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Rue Britannia?

I embrace the idea of living in a small home — I’d be an idiot not to, when I’m going to be moving into less than 50 square metres of living space in a few months.

I don’t pretend it’s for everyone, but it’s perfect for me and mine and for many others.

So I was quite surprised when I read several articles from British newspapers disparaging the trend for smaller houses, calling them “rabbit hutches”; and decrying the decreasing size of houses and apartments in the UK.

According to this Guardian article by Penny Anderson,

The UK has the smallest new-build houses in Europe

a situation she called a “crisis”.  I could almost see her point.  Although her OpEd piece is rich in hyperbole and short of actual statistics, according to her anecdotal info many homes are too small to live in.

miles of single-fronted new-builds with awkward open-plan kitchen/diners/spare rooms/lounges, almost entirely free of storage. Then there are converted homes in older buildings situated in desirable areas where the market is febrile, which are often the worst low-space offenders, with bathrooms or even kitchens, squeezed into what used to be cupboards, and the original bedrooms sliced in half.

Apart from giving me a new word (febrile = feverous), she paints an ugly picture indeed.  Rapacious builders squeezing every square inch of living space out of small plots of land “to maximise profit”. “Bedrooms … as cramped as prison cells”.

Even the hard facts in this Telegraph article seem to bear her out.

Of the 2,500 owners of private new homes who were questioned, 57 per cent said there was not enough storage space, 47 per cent said there was not enough space for furniture and 35 per cent said there was not enough kitchen space for appliances such as toasters and microwave

Newer houses are definitely smaller than the traditional detached home, as Simon Bowers says in The Guardian:

In 1920, the average semi-detached new-build had four bedrooms and measured 1,647 sq ft, according to the Royal Institute of British Architects (RIBA). Today’s equivalent has three bedrooms and is 925 sq ft. Typical new terrace houses have shrunk from 1,020 sq ft and three bedrooms, to 645 sq ft and two bedrooms.

But is the problem size?  or design?  I know that our North American ways are not theirs.  As Anderson says

add in the need to dry laundry inside when it’s raining, with one or more adults working from home and you have a problem.

because in Britain very few homes have clothes dryers, an appliance we take for granted.  Take into consideration other specifically British realty idiosyncracies

unlike other countries, houses in the UK are sold on the number of bedrooms rather than square footage…. The result is a lot of small rooms. And UK consumers like gardens, which leads to smaller houses.

The rise of solo living is another factor. People wanting to live alone trade space for having their own flat.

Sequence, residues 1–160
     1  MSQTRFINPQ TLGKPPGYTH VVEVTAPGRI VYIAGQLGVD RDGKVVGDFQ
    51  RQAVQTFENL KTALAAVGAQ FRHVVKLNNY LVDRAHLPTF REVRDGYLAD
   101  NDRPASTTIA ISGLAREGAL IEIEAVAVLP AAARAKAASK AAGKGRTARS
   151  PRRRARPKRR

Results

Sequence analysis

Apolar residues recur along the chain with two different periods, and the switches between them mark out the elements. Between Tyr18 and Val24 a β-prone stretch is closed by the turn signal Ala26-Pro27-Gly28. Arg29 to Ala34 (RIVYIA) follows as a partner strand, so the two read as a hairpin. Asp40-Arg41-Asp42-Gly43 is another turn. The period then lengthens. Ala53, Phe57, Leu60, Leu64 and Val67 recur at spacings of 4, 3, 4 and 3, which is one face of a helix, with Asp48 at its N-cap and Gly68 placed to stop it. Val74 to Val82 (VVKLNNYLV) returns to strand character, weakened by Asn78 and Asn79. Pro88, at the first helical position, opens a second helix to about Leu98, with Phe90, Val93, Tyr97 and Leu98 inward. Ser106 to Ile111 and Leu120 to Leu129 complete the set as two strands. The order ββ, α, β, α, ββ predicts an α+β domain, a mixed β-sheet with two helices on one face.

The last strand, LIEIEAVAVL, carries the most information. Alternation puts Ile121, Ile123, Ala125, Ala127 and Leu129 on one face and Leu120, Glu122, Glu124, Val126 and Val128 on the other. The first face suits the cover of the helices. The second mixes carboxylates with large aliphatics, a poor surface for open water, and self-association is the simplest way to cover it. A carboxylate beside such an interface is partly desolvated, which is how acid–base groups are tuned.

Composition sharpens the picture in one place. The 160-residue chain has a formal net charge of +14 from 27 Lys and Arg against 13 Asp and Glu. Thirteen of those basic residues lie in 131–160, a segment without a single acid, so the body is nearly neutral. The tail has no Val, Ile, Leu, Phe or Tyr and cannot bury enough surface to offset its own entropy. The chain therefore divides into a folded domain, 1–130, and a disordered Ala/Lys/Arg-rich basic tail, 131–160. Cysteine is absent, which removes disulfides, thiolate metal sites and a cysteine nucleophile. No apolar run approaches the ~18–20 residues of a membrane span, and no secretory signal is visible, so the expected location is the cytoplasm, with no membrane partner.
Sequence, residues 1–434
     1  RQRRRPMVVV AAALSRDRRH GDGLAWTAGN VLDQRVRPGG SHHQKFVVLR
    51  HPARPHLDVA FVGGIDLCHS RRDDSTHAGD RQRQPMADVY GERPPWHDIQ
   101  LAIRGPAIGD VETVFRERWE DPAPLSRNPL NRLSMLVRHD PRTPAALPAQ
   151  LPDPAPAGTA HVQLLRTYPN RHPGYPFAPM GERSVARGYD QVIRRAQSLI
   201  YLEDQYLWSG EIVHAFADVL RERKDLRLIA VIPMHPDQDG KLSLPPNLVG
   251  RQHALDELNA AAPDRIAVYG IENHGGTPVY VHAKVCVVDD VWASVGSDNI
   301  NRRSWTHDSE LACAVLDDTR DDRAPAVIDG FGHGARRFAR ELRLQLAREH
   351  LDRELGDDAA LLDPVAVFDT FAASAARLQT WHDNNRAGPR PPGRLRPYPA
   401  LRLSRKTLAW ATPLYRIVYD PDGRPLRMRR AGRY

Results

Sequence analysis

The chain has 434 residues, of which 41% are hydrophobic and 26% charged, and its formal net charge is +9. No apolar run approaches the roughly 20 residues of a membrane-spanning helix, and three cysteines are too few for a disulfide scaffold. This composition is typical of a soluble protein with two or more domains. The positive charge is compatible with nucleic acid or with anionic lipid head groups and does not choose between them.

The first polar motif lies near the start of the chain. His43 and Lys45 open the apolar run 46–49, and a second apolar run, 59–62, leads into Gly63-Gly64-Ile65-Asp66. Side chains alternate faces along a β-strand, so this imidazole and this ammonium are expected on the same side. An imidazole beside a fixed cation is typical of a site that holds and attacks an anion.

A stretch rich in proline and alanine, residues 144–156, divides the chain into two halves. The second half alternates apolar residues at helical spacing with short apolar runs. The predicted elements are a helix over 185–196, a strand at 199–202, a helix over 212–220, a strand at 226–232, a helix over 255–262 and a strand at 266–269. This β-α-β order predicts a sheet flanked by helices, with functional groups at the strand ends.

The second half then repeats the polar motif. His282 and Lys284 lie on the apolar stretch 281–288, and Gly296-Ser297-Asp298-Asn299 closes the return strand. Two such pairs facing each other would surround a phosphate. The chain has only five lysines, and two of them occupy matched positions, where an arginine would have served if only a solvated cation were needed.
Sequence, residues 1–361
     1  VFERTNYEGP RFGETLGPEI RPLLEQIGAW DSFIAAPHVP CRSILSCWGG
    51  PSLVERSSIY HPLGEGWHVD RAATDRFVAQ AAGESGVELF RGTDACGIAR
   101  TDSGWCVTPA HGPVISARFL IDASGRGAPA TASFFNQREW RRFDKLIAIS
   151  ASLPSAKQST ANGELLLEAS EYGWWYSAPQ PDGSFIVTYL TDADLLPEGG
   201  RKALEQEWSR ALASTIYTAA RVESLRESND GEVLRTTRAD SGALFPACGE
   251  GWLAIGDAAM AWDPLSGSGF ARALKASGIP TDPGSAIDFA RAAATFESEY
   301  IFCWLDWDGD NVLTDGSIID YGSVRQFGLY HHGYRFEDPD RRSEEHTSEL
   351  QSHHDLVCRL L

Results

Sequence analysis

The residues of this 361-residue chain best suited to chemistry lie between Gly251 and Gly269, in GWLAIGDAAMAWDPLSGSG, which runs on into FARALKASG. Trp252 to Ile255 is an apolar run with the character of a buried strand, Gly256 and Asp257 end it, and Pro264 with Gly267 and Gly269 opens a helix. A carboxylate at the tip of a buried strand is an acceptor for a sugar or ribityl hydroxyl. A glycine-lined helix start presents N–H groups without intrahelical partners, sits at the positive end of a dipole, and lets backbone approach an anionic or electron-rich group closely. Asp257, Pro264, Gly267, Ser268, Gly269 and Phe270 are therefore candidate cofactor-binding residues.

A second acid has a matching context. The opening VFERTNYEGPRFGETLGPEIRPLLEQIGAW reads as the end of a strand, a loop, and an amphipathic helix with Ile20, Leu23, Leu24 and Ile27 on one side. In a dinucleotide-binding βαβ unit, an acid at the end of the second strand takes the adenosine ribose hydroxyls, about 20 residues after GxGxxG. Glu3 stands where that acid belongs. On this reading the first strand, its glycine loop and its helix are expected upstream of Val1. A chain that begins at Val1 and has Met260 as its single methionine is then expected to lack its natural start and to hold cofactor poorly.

OK, I’m beginning to see the problem here.  I’ve been to Great Britain, and I know that I was surprised at the housing there.  People seem to either live in detached or semi-detached homes, or in massive blocks of flats (these are often in the less-desirable sections of large cities).  To me, a Canadian used to very wide very open spaces, I was amazed that they could fit so many people into such a tiny area without resorting to a) Hong Kong style apartment houses reaching to the sky, and b) vast housing tracts despoiling the English countryside.

But I think those days of “and Englishman’s home is his three-bed and two-bath castle” are through.  It’s time they faced up to some hard facts.  Brits can no longer expect

enough room for a two-, or even a three-seater sofa, a dining table with chairs, and a little space for those things you can’t bear to part with.

Instead, they will have to accept some compromise.

The UK has a housing crisis. A shortage of homes has pushed prices out of the reach of many hoping to get onto the ladder. But once they get there, they may be disappointed – the UK has some of the smallest properties in Europe.

Many of the problems cited (lack of storage, fitting furniture into open plan spaces) can be overcome with good design.

Happily living in a small home is first of all about psychology, says Hannah Booth, homes editor at Guardian Weekend. “You can live without much more than you think.”

Apartment dwellers in New York and Japan know the secrets of this lifestyle, she says. “They’re the masters, they eat out a lot, spend a lot of time in the park. In the winter your home can be a nice little cocoon.”

I get the impressions that these new, small homes are still following traditional building styles, separate living and dining rooms,

All of us who live in areas where building space is at a premium are having to change the way we live — not just our domiciles.  Some people are sharing gardens.  Many are using dual-purpose furniture to get the most use out of the least amount of space.  Everyone is carving storage out of spaces they never thought of before.

And we are living with less, certainly fewer of “those things you can’t bear to part with”.

But what is the alternative for British homes? How are you going to fit more people into that extremely finite space?  They can either accept living in smaller places…..or ????

Just one more quote, from Quentin Crisp:

The British do not expect happiness. I had the impression, all the time that I lived there, that they do not want to be happy; they want to be right.

 

About ladywholivesdownthelane

Starting the adventure of building a laneway house in the real-estate jungle of Vancouver, BC

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